Social Work Matters podcast coverAIDS has spread at an alarming rate over the past couple of decades within Central Asia, a region that is closely tied to the Silk Road, once an important trade route between China and Europe.

The epidemic is fueled, experts believe, by a breakdown in social conditions following the collapse of the Soviet Union.

While the transition from communism has improved living standards, it also introduced the problem of unemployment, which in turn has resulted in more people using drugs. Kazakhstan, Tajikistan, Turkmenistan, and Uzbekistan have all seen spikes in the numbers of HIV infections and deaths from opioid overdose.

In this podcast, we talk to Associate Professor Louisa Gilbert, who co-directs, with Willma and Albert Musher Professor Nabila El-Bassel, the School of Social Work’s Global Health Research Center of Central Asia (GHRCCA). This year marks the 10th anniversary of their efforts to assist regional NGOs in Central Asia with developing solutions to the region’s HIV/STI, hepatitis C and TB epidemics.

Also joining the podcast  is Angela Aifah, a Ph.D. student affiliated with GHRCCA.

SELECTED LINKS FROM THE EPISODE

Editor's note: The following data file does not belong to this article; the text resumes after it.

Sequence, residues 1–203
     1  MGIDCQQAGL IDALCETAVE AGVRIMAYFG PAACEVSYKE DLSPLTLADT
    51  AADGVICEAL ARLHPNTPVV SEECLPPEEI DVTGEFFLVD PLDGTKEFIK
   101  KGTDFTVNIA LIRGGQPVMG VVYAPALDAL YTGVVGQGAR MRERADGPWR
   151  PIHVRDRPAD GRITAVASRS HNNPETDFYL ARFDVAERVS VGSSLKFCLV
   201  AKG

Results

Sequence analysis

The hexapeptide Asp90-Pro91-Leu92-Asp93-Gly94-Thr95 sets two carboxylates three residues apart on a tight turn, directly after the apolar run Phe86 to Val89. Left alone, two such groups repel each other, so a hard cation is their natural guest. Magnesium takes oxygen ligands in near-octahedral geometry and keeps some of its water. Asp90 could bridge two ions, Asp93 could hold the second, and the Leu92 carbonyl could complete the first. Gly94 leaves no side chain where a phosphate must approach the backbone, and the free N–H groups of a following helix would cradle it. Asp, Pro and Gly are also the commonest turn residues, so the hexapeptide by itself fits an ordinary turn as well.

SHOW NOTES

  • Gilbert recalls that after the fall of the Soviet Union, former Soviet republics faced the need to build their own social services and public health system. Investor and philanthropist George Soros created his Open Society Institute to support those efforts. He also sponsored scholars from Central Asia to earn degrees from leading social work schools in the United States, including CSSW.
  • Ten years ago, one of those students, Assel Terlikbayeva—who was doing research with Professor Nabila El-Bassel’s Social Intervention Group—persuaded the SIG team to try introducing a version of their couples-based HIV intervention, which they had developed for vulnerable U.S. populations, to her home country of Kazakhstan. Gilbert credits Terlikbayeva’s vision, passion and commitment as the original source of inspiration for the decision she and Professor El-Bassel first made to become involved in the region. (Terlikbayeva now serves as the regional director of GHRCCA.)